In the tradition of Dava Sobel's ‘Longitude’ comes sailing expert David Barrie's compelling and dramatic tale of invention and discovery – an eloquent elegy to one of the most important navigational instruments ever created, and the daring mariners who used it to explore, conquer, and map the world.
This is the story of an instrument that changed the world. In prose as crisp as the book’s subject, David Barrie tells how and why the sextant was invented; how offshore navigators depended on it for their lives in wild and dangerous seas until the advent of GPS – and the sextant’s vital role in the history of exploration. Much of the book is set amidst the waves of the Pacific Ocean as explorers searched for the great southern ocean, charted the coasts of Australia, New Zealand, Canada, Alaska as well as the Pacific islands. Among the protagonists are Captain James Cook, the great French navigator, La Pérouse, who built on Cook's work in the exploring the Pacific during the 1780s, but never made it home, George Vancouver, Matthew Flinders – the first man to circumnavigate Australia, Robert FitzRoy of the Beagle, Joshua Slocum, the redoubtable old ‘lunarian’ and successful pilot of a small boat across the wild Southern Ocean and Frank Worsley of the Endurance.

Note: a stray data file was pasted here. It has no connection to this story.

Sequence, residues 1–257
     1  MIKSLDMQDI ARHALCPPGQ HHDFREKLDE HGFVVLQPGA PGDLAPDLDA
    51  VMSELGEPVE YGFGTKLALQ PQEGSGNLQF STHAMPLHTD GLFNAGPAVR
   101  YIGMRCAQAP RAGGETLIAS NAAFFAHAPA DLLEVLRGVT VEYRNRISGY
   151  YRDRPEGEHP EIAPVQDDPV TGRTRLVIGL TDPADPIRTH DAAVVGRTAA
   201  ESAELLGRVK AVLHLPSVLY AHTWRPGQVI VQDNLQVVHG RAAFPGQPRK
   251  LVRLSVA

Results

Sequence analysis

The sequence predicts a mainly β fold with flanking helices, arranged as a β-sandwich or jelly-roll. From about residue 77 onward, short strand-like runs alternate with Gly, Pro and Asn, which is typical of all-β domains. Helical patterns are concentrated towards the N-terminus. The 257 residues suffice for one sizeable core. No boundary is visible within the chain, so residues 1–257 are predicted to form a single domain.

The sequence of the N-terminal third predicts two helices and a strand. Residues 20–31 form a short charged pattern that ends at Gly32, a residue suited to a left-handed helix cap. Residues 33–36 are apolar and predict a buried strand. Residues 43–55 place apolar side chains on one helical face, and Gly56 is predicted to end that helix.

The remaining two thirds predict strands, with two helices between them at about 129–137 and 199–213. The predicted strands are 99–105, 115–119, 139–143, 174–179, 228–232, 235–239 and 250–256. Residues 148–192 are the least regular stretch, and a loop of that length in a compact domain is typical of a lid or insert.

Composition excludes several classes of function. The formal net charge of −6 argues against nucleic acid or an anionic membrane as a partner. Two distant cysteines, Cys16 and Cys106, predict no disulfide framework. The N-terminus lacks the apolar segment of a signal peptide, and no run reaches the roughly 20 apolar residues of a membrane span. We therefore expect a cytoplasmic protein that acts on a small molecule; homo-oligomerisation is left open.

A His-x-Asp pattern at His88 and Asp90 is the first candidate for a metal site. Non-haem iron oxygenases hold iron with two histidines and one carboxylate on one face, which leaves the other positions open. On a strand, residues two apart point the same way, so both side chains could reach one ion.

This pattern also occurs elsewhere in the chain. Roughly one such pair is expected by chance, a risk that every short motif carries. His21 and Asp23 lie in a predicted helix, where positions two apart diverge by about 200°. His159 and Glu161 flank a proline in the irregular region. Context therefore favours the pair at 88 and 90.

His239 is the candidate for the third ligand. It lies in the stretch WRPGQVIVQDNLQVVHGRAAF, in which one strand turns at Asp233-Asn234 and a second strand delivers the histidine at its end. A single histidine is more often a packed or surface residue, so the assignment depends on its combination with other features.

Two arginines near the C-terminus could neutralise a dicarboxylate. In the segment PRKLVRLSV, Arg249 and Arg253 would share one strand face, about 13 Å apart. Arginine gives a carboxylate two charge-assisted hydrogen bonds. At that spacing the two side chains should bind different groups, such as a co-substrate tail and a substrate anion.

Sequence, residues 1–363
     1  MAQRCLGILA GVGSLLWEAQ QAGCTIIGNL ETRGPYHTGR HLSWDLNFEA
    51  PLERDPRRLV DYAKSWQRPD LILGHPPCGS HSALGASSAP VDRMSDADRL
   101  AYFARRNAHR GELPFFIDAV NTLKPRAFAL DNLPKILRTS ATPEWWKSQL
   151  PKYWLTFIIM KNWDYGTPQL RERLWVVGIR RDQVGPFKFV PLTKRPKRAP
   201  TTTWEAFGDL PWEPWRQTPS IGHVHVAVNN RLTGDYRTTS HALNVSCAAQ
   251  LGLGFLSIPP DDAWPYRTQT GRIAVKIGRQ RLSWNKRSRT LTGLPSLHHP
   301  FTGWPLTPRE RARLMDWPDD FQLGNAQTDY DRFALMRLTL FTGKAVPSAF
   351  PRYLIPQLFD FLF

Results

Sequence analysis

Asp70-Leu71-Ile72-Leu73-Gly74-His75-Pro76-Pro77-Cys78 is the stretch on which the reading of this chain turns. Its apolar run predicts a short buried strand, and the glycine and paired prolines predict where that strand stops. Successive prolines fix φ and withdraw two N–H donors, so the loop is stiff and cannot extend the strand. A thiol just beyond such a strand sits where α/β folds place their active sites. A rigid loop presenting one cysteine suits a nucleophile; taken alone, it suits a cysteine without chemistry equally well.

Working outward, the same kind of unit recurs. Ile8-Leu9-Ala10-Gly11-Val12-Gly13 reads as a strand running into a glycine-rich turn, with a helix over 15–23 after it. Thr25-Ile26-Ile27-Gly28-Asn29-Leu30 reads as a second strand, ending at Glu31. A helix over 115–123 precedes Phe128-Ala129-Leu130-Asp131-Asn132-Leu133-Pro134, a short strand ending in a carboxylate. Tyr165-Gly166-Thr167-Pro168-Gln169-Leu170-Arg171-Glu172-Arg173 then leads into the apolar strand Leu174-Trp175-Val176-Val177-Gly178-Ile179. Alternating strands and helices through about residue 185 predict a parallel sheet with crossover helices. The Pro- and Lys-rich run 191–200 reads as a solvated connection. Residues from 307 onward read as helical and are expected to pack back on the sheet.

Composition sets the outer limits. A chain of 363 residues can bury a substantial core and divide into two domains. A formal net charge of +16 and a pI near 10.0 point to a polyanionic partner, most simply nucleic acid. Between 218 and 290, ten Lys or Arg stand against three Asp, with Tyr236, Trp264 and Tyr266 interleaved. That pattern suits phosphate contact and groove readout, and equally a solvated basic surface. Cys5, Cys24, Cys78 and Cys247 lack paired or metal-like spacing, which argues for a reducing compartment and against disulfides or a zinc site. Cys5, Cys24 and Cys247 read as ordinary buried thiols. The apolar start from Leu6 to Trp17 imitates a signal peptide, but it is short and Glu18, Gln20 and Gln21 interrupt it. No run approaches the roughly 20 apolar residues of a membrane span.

Their stories are interwoven with the author’s account of his own transatlantic passage aboard Saecwen in 1973, using the very same navigational tools as Captain Cook, and the book is infused with a sense of wonder and dramatic discovery.
A heady mix of adventure, science, mathematics and derring-do, ‘Sextant’ is a timeless tale of sea-faring and exploration. A love letter to the sea, it is narrative history for star gazers and sailors, for everyone with a love of salty breezes and a sense of adventure. Beautifully produced, ‘Sextant’ offers storytelling at its very best.